Marketing in 2015… The More things change, the more… Really?
What has and what hasn’t changed about marketing in the digital age
The podcast of the Small Business Masterminds Foundation Webinar on Marketing in 2015. I am joined by Scott Forrest from Motive Marketing to help us get to the bottom of what we really need to know to market our businesses effectively in the days of Social media, SEO, Pay Per Click and Cost Per Lead.
I read a great article in Leaders in Heels, online the other day (read it here) about the reasons for taking on a business coach.
The article got me thinking about my profession, about what I do and why working with me and people like me can make such an enormous difference to your business growth and development, and hence why I firmly believe that taking on a coach from time to time is one of the best decisions you’ll ever make in your business.
There is one reason above all others, that you should know about and noone tells you about. And that is this… it’s not the brilliance of the coach, rather it is the commitment you make that makes the difference.
The conventional factors
The article by Ros Cardinal mentions a number of important benefits from taking on a coach, such as:
Time management and prioritisation, clarity, brainstorming and accountability. and those are absolutely great benefits you’ll gain from having a coach (a good one anyway) and there a bunch of others, depending on the coach and the relationship you and your coach may have.
But the biggest one is rarely mentioned, because it actually is not dependent on the qualities, knowledge and experience of your coach… It is the commitment made by you, the client. Obviously coaches don’t like to mention this too much, because they want you to think they are brilliant and that their singular brilliance is going to make you rich and successful… I’m no different really, I am similarly convinced of my genius… but in the depth of the night, when noone is listening, I know it hasn’t got anywhere near as much to do with my talents as I like to make out.
To take on a business coach costs significant time, energy and money. To sign a contract or shake hands with a business coach is not a decision to be taken lightly. It takes a lot of faith and trust and actually not going to make your life easier in the short term. I say to my clients that taking me on as their coach: “Is full-on, it’s intense, it’s made grown men cry… but it works”
And one of the reasons it works is that it is a big commitment, and once you make the big commitment it means you become highly invested to make it work for you by hook or by crook.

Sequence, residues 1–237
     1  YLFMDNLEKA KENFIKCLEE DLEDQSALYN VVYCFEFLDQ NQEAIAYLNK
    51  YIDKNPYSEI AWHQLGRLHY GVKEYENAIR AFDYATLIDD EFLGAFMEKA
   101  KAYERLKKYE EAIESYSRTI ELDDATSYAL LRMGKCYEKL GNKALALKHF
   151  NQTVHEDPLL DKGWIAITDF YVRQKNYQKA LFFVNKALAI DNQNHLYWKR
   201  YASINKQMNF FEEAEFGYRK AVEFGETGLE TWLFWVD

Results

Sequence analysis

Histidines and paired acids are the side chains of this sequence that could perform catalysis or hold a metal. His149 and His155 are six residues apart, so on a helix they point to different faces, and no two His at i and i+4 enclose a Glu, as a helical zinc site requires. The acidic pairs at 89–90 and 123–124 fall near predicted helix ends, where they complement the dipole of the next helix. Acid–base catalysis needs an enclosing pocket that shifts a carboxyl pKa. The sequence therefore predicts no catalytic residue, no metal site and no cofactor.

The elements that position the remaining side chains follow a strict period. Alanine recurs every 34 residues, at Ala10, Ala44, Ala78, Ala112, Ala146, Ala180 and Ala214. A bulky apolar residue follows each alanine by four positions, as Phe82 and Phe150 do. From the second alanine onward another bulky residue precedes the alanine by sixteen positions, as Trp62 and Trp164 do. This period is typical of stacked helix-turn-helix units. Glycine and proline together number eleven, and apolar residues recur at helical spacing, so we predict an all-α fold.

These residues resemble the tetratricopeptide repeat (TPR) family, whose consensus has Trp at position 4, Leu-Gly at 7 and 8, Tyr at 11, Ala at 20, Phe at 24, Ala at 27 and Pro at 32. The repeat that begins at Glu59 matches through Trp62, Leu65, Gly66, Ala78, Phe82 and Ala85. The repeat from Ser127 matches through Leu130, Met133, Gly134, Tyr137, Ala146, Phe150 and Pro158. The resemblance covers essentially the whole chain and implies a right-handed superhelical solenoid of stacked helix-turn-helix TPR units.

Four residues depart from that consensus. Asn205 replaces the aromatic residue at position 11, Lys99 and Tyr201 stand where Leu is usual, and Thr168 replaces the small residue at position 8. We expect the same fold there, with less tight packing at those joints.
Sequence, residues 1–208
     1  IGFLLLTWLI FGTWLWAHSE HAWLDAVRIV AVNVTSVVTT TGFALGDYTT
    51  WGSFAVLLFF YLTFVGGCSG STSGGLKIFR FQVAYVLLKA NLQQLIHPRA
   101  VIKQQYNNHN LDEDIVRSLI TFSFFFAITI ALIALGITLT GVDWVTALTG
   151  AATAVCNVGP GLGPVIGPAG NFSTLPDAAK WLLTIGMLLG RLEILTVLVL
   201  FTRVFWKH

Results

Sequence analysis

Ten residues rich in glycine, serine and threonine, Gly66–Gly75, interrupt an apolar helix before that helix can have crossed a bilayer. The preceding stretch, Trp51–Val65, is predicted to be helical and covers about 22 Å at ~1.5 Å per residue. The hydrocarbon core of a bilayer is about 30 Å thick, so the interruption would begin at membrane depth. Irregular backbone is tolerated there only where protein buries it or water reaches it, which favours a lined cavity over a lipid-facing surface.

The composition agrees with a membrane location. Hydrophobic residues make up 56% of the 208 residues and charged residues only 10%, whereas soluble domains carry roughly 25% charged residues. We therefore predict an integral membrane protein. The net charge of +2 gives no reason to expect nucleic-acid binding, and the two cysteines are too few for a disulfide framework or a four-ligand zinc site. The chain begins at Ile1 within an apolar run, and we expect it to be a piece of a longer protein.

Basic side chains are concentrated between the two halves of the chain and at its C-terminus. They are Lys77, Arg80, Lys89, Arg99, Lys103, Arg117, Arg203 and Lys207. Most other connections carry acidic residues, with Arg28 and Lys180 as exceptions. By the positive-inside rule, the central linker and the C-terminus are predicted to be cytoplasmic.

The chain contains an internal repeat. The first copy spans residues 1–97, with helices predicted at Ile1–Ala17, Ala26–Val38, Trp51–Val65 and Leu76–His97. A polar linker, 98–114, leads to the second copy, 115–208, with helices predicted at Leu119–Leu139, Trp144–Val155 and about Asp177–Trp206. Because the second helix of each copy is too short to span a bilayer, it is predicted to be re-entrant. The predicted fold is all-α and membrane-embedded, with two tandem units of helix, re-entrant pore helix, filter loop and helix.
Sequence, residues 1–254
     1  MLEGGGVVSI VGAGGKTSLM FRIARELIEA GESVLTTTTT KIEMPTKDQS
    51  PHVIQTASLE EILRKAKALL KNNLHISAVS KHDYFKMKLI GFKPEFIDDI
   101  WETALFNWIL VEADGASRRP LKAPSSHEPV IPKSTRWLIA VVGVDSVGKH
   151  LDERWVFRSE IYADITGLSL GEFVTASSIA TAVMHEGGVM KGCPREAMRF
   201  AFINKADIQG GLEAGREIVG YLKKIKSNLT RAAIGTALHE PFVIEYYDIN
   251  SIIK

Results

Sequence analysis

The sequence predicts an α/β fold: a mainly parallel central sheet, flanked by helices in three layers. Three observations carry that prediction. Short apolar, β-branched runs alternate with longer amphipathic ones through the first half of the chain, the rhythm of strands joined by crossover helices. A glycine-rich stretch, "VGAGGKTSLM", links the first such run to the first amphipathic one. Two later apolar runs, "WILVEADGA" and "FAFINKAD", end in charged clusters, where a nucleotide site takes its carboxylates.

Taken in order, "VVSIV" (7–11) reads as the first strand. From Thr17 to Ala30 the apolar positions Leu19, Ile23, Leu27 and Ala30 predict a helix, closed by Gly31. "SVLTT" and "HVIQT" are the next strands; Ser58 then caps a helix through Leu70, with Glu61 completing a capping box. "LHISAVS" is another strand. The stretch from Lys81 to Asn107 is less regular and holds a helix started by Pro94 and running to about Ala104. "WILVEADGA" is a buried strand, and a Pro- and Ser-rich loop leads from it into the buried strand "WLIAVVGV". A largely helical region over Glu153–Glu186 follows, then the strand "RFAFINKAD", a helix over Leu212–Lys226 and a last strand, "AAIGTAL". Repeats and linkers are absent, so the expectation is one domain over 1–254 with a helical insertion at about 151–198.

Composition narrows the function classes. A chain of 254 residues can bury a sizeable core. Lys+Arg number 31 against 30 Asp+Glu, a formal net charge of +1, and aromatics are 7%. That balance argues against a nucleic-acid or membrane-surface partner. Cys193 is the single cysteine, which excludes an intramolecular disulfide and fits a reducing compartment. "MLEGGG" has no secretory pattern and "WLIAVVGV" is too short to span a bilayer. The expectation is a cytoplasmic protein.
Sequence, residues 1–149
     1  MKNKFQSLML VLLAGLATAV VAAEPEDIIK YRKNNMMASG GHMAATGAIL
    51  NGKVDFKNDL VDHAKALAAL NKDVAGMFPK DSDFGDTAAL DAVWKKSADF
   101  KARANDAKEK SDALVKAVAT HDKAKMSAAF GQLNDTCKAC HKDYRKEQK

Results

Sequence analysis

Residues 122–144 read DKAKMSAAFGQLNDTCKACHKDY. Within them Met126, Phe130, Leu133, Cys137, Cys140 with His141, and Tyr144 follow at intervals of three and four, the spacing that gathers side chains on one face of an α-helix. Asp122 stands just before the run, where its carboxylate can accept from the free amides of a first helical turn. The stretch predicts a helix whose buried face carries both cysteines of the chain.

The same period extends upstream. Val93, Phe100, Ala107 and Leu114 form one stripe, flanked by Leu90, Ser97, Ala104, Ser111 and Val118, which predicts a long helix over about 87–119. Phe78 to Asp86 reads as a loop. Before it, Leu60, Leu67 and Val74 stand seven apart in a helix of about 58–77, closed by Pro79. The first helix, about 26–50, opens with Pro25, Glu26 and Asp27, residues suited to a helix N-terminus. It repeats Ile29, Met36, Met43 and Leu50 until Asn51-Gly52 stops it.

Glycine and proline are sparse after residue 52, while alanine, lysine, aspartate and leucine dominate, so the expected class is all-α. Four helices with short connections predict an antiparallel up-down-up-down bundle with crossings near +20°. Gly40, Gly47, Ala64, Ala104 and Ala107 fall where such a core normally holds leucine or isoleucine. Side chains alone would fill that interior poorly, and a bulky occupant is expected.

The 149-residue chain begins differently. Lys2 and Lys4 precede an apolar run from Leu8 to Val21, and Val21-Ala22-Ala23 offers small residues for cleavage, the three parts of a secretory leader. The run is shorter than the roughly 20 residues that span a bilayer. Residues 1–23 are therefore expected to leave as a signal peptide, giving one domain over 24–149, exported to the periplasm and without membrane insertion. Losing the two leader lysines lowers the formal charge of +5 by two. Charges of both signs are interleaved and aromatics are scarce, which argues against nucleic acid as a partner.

Once you make the commitment and I am up to the job of “holding the space” and being there for you every step of the way, the change becomes relentless and unavoidable.
It’s the reason I actually make it quite hard to engage with me (which doesn’t help my business model of course but then the dentists kids have holes in their teeth… maybe I need a new business coach!)
Next time you talk to a business coach who wants to make it easy to sign you up… go and find someone else… I promise you.
More about the various forms of business support, guidance and advice that are available to small business owners here
There’s a great scene in the first Matrix movie. Neo turns to Morpheus and says “I know Kung Fu” and Morpheus replies “Show me.” They are then transported (metaphorically speaking) to a virtual dojo where Morpheus goes on to explain to Neo “This is a sparring program, similar to the programmed reality of the Matrix. It has the same basic rules, rules like gravity. What you must learn is that these rules are no different than the rules of a computer system. Some of them can be bent. Others can be broken.”
Like Neo many in sales have learned there are rules that can be bent or even broken in order to achieve what may at first seem like success, but of course it isn’t. Although you may have succeeded in ‘making a sale’ you may have lost the relationship. It’s illusionary and those feelings of ‘success’ achieved at the expense of others are fleeting. However the stain on your reputation most certainly is not.
When you set out to build a sales career your single most important task is the building of reputation; and as Bob Burg and John David Mann write in Go-Givers Sell More “Reputation is a house that once burned down is very difficult to rebuild.”
However if you diligently construct your reputation on the foundation of what Bob calls ‘The Golden Rule’ of sales, of business of networking. You will cultivate a flourishing reputation and the influence it generates will reach way beyond the people you meet and touch the lives of people you have not yet met.
“All things being equal, people will do business with, and refer business to, those people they know, like and trust.”
The golden rule goes like this: “All things being equal, people will do business with, and refer business to, those people they know, like and trust.”
In sales your job really is to meet new people on an everyday, ongoing basis, in a way that’s comfortable both for you and for them and cultivate and develop relationships with these people to the point that they feel so good about you; they know you, they like you, they trust you, they want to see you succeed.